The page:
I need the help of the mastermind of this group, please!
I am a business owner working with Search Engine Optimization (SEO) consultant to help me grow my business. As per my SEO consultant, I need to develop my blog and post links on social media to share it to attract visitors to our website. He says that if you copy the same content on more than one platform (e.g. website and LinkedIn, or website and an on-line directory), then Google will treat this as plagiarism and penalize it.
I have now started being more active on LinkedIn to build my personal brand and increase visibility. To learn how to do this, I've watched videos, and read books and articles on and offline. Based on what I've learned about LinkedIn, the worst thing you can do is to post a link as this takes the visitors away from LinkedIn platform and LinkedIn would punish you by not showing your content to many people. To be successful on LinkedIn, you are supposed to write articles of 1900 and 2000 words on the platform.
What would you suggest to someone who doesn't have the resources or time to write articles specifically for LinkedIn additionally to the blog?
5 👍🏽 5
[filtered from 21 Answers]
Just create the blog on your website, use a catchy title and meta description and aggregate to other platforms as a URL. No need to repost all the text of your website is your main traffic concern.
Also, plagiarism and duplication of content is a non existent problem if you own it.
You should prefer to create a blog for your own website. If you do a (right) keyword research and write a informational blog on that then you don't need to post articles on social platforms. Organic traffic will come to your website and in that blog you can also offer services through internal linking.
If Google penalized duplicate content, then why do all the PR websites post the same content over & over?
It is true that Google may only show 1 of the 5 sites where you have the information posted, but it would be the same one they would have shown if it was the only one with the content.
They do penalize you. So does the platform you're trying to work from. There are work arounds – but you are penalized for duplicate content
Mew 👑 » Joey – Absolutely are not. 🙂
Gary » Joey
No. Google has even come out and said there is no penalty.
I can show you websites that are the same, except for city name, and they all rank in top 5 of Google search results. How could 300 pages of duplicate content be on page 1 for each city if there were a penalty?
All you need to do on LinkedIn is post valuable information. I've tested articles and they get way less engagement. People are lazy and would rather scroll than read a long article.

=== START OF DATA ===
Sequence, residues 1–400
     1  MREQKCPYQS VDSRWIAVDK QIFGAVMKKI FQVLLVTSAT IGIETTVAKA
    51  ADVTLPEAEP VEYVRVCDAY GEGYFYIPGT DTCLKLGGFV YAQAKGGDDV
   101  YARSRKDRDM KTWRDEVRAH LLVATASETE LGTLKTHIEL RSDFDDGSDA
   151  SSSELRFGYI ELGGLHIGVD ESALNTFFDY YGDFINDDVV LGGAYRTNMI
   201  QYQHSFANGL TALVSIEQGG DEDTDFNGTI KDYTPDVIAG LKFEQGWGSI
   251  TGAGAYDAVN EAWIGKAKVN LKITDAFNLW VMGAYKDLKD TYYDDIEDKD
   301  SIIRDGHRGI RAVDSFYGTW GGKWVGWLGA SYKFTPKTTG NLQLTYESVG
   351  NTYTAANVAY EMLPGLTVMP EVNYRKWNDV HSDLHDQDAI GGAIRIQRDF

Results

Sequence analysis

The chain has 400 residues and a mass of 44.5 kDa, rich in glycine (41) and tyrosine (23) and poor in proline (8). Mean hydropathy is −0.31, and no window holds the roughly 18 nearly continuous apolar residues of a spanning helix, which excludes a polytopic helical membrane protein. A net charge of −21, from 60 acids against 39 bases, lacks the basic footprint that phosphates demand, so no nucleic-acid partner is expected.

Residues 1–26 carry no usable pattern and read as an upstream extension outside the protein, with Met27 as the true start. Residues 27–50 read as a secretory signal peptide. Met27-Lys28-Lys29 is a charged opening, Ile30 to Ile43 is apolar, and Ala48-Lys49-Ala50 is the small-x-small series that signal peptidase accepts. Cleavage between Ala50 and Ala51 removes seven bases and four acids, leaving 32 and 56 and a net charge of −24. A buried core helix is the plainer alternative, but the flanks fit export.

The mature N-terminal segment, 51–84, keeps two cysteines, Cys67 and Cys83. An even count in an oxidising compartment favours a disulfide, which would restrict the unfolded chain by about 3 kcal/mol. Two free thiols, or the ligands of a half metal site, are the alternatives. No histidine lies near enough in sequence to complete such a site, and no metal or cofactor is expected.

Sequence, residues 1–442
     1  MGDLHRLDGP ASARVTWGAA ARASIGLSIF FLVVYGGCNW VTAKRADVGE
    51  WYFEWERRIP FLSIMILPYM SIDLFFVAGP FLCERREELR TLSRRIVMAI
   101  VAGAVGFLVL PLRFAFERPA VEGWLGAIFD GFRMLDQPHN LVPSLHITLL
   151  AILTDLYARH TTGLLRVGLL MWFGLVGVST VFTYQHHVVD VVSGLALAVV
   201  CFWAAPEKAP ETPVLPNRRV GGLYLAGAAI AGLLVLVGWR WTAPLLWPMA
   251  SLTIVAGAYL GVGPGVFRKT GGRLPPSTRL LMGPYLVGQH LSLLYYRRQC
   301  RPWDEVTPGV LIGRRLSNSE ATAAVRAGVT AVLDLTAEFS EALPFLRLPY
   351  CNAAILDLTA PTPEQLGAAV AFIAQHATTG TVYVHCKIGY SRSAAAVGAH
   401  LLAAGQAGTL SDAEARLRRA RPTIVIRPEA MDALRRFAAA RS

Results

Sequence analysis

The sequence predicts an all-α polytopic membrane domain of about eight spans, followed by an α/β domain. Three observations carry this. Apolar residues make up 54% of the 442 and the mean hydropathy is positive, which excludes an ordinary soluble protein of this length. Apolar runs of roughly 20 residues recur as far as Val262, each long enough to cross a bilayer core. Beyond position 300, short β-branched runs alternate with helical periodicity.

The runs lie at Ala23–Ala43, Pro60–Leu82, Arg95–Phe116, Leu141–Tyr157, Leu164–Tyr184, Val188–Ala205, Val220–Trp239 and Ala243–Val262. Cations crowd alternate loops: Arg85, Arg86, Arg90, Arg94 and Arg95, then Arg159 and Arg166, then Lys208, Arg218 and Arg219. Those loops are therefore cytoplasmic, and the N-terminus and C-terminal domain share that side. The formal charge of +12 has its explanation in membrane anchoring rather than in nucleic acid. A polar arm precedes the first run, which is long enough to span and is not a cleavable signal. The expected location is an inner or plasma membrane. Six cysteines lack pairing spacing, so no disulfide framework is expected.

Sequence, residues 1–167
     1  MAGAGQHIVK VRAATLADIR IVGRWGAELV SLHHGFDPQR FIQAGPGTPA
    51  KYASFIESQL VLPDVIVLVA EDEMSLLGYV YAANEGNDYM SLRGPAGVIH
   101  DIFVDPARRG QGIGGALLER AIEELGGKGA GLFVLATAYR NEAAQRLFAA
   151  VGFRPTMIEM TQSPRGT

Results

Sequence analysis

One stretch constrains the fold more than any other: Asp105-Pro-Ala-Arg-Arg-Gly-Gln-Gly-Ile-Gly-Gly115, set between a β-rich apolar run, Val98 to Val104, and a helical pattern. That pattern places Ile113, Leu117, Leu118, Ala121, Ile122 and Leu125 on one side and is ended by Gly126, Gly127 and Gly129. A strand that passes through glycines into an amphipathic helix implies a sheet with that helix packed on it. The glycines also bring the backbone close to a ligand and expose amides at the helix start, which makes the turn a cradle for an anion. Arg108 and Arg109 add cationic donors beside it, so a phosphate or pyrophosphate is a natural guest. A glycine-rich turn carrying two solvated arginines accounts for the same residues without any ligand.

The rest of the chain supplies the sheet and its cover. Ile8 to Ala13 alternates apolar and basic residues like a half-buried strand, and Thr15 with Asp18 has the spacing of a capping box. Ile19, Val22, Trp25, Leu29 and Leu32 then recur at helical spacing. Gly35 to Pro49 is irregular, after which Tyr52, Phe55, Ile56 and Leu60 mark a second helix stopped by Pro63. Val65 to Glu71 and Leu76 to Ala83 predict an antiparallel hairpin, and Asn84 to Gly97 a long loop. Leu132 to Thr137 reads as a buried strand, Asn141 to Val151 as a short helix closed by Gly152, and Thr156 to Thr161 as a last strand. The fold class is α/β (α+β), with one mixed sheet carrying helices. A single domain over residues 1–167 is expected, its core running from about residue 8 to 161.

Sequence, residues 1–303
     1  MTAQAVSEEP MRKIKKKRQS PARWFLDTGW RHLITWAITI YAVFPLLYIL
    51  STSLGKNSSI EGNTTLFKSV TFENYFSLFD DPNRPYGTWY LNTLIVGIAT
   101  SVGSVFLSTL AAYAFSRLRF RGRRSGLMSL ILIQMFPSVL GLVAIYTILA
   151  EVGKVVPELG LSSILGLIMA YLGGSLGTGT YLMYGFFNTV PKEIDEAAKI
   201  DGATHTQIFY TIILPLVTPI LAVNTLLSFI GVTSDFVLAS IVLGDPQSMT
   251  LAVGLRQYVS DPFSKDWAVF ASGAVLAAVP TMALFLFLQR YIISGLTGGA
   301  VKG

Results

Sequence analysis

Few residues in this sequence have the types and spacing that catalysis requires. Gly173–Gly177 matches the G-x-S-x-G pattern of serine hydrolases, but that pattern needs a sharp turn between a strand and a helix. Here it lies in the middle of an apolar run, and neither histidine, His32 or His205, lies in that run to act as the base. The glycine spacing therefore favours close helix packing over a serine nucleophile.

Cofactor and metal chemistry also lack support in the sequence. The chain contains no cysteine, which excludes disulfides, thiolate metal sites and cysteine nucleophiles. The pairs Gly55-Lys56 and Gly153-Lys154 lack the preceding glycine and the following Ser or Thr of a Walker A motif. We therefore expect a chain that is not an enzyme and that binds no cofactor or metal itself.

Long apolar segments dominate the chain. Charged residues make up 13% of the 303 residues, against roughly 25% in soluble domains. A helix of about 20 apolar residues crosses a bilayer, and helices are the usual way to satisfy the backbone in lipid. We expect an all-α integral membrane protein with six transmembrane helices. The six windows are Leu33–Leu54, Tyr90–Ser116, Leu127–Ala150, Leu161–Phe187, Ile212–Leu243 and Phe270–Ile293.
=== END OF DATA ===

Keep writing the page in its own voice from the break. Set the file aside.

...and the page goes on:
It is not necessary to write 1500- 2000 Words, You can write about 500 Words.
There are so many AI Article generator as well if you want them to write, But Sometimes, The Content written by such a tool doesn't have any meaning.
So, If you really want to brand, Try to post a short and sweet article of about 500 Words on regular basis.
Also, You can copy some parts of your web articles.
Dulal » Mew
Agreed, But Nevertheless, Short Quality Article is far better than that of Long with Low Value.
Yeah, too many people get caught up in length. A few hundred high quality words beats 3000 words of rubbish. It's not the length that matters, but the content.
Well what I would suggest is create an informative article and post it on the Website.
Then, if you want people on LinkedIn to go read your article on your Website, create a short spin around article which discusses any one of the points of the article posted on the Website.
Leave the LinkedIn readers a reason to read more. You can keep this LinkedIn article short and then leave the link to your Website, so the reader can learn more by visiting the Website.
All this can be done with just a little bit of thought while preparing the blog post itself. Plan on how you can create a content that makes people wanna come read your entire blog.
This could serve as best practice.
Hi! You need to differentiate the purpose of each channel. I'm not an expert on LinkedIn specifically but social media is ment to build a following. You will probably not get new visitors from social media posting exclusively because the people seeing the posts already follow you.